High Plains Drifter

disclaimer:  "The meteorological views/forecast thinking expressed are those solely of the author of this blog
and do not necessarily represent those of official National Weather Service forecast products,
therefore read and enjoy at your own risk and edification!"

April 25, 2007

Chase Acct: April 20 (Texas Panhandle)

Filed under: Chase Accounts,Storm Chasing — Mike U @ 3:56 pm

Magnifcent LP Supercell after sunset with a cresent moon and Venus in the pristine evening sky.  Location is near Happy, TX(Times in CDT) (photo links in bold)  As I mentioned in my morning forecast post on April 20th, I had quite a tough decision to make regarding a chase target area.  I ultimately optioned for the southern target in the Texas Panhandle based solely on gut intuition.  I just liked the higher CAPE farther south and dryline convergence by late afternoon/early evening, and I knew that if something went up, it would be isolated… perfect for storm photography.

I  departed Dodge City around noon heading south for a target in the east-central Texas Panhandle — around Stinnett, TX.  I kept a good cell data signal all the way to the target area, and I arrived in Spearman around 2:30.  I hung around town here for about a half hour, as it appeared the dryline was really beginning to sharpen-up to my west around Dumas.  I kept my options open, as the best moisture was still just to the southeast of Amarillo with mid to upper 50s dewpoints.  I figured this moisture would continue to advect northwestward to Amarillo and points north of there to where the best convergence appeared to be setting up.  With this thinking in mind, I cheated more west closer to the convergence and I could see some initial small clumping cumulus developing to my west near and north of Dumas.  Other cumulus was developing to the south of me farther away, near the Palo Duro Canyon area.  I sat at this location between Cactus and Spearman for probably a half hour just waiting — figuring I was in a good spot.  As time went on, the cumulus to my west was just not doing anything, and better clumping cumulus was occurring to my south — so I continued south and east to Stinnett, where I sat and waited again for about 20-30 minutes about 5 miled west of town after I refueled and grabbed a bite to eat in town.  By 5pm, I was watching several areas of potential interest for initiation, and ultimately spotted hard towering cu developing well to my west-southwest near Vega, TX.  This was some 90 miles to my southwest.  There was nothing going on at my latitude… so southwest I went.  By the time I reached Hwy 87 at Four Way, the hard towers that prompted my heading this direction…completely evaporated into nothing.  This was frustrating!  I hit a complete low point on this chase right here.  It was after 6pm, and I was getting tired of driving seemingly aimlessly across the Texas Panhandle.  What made things even more frustrating was that storms were now developing way to my south…about 120 miles away to the west of Plainview.  I was so ticked off at this point, I just about said to hell with it and headed back home…   but after looping the radar of these newly developed storms and seeing that they were moving more northly…essentially towards my direction… I decided not to give up.  This was a very good decision.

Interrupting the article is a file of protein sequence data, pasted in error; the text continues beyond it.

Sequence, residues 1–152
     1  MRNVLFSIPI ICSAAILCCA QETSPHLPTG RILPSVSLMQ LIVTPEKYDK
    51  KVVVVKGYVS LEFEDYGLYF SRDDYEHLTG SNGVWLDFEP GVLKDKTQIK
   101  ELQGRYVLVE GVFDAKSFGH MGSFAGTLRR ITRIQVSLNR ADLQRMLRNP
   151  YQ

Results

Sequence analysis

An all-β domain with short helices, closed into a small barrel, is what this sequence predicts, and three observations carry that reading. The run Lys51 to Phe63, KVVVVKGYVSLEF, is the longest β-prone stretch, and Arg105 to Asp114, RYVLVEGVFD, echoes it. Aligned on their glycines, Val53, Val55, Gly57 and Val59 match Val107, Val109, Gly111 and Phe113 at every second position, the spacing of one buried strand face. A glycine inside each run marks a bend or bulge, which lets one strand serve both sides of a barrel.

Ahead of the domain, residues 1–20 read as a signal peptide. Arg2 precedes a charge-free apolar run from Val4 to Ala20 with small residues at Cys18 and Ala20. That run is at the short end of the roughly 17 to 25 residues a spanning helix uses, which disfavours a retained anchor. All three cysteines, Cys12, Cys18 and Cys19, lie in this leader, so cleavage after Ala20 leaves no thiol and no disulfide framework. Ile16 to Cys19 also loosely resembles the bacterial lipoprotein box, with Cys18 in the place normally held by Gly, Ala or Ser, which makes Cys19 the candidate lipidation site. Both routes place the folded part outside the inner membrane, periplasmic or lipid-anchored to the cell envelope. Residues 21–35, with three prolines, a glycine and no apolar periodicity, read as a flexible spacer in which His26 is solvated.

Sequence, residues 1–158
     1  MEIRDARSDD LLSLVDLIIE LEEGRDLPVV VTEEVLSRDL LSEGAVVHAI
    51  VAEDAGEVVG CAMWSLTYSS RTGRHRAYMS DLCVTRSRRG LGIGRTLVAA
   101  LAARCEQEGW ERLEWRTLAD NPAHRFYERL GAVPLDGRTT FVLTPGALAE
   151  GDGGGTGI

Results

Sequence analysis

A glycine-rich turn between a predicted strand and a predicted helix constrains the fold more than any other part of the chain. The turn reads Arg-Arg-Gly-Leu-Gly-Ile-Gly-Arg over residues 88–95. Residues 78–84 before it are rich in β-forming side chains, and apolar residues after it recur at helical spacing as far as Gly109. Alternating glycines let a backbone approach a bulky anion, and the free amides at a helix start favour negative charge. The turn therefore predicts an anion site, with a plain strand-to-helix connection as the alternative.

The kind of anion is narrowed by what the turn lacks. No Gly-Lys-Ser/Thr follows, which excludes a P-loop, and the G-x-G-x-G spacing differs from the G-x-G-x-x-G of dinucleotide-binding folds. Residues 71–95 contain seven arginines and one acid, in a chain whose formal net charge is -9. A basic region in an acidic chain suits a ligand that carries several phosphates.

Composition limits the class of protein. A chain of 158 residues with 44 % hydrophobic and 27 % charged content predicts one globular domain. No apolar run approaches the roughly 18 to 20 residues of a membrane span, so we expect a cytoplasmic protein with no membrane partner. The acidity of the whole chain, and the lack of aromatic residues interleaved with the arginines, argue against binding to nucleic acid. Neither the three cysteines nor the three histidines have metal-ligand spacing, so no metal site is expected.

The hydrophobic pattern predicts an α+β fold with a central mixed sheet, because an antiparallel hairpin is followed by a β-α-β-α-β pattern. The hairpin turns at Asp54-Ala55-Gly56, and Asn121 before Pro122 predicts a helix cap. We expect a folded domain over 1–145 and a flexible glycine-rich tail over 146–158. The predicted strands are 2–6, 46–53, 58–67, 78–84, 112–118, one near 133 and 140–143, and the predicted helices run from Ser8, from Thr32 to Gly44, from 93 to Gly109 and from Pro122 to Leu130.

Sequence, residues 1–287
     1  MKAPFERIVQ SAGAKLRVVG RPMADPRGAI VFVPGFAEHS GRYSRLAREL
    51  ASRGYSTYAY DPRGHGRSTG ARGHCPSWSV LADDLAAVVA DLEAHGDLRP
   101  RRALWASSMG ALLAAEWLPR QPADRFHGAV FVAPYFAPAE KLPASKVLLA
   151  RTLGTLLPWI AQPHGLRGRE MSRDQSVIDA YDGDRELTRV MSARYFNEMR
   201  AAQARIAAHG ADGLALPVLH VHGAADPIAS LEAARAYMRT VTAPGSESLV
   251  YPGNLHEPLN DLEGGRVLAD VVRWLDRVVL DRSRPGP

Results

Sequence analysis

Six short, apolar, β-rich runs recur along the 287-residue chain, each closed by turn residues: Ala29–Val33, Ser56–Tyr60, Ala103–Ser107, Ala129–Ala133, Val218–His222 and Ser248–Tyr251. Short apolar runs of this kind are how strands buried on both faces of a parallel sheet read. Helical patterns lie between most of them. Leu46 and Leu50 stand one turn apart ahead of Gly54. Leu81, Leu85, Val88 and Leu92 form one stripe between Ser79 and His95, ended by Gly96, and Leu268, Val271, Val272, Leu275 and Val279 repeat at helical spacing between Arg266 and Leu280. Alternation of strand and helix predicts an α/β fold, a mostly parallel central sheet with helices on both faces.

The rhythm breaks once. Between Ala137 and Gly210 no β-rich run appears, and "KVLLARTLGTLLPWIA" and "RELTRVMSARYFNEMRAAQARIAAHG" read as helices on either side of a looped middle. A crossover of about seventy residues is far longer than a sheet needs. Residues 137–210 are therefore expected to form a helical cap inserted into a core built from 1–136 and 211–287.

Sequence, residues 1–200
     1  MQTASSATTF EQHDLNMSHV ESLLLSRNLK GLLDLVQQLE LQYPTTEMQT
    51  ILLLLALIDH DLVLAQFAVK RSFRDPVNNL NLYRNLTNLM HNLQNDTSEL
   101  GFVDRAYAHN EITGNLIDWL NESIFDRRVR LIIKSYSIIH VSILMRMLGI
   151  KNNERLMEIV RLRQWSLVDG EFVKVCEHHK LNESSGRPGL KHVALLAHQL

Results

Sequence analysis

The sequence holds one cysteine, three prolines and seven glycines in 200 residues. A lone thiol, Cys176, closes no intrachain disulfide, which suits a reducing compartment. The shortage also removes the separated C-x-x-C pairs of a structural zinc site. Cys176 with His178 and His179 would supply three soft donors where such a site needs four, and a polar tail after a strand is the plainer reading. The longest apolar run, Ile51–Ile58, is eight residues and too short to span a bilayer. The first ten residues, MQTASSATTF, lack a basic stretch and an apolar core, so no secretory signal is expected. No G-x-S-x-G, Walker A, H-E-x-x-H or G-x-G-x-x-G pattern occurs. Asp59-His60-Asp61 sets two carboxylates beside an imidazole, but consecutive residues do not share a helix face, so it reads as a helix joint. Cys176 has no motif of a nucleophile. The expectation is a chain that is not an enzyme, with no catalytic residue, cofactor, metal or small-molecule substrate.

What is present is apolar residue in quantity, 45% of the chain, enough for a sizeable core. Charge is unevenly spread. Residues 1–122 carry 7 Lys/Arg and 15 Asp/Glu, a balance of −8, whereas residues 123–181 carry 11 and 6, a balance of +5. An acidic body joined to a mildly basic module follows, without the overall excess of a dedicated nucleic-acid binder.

So south I go once again.  All of this was reminding me very much of my May 9, 2006 chase when I was caught too far north — taking a nearly identical route to get to developing storms well off to my south.  I reached Amarillo and headed east a bit on Hwy 287 before heading back south again, in anticipation of the developing storms being east of I-27 by the time I got down there.  As it turned out, the first storms that developed weakened significantly with new storms developing back west of the interstate again.  D’oh!  Now I am thinking I’m going to be caught too far east because of this move!  Oh well.  At Claude, I continued south, taking me through the Palo Duro Canyon (where I lost my cell data signal).  At 7:45pm or so, it was getting pretty late, so I had to really motor to get south of this storm before good light would wane.  I never did get down there before sunset and here’s why:  Remember those first storms I talked about that diminished as they moved east of the interstate?  Well, they left some incredible skyscape views with picturesque virga showers amidst the terrain.  After driving through the canyon, I decided I need to get a photo of these remnant virga showers/orphan anvils during the photographer’s "golden hour" at sunset with the canyon landscape — thus after driving south, I turned around on Hwy 207 and went back north a few miles through the canyon.  I’m glad I did.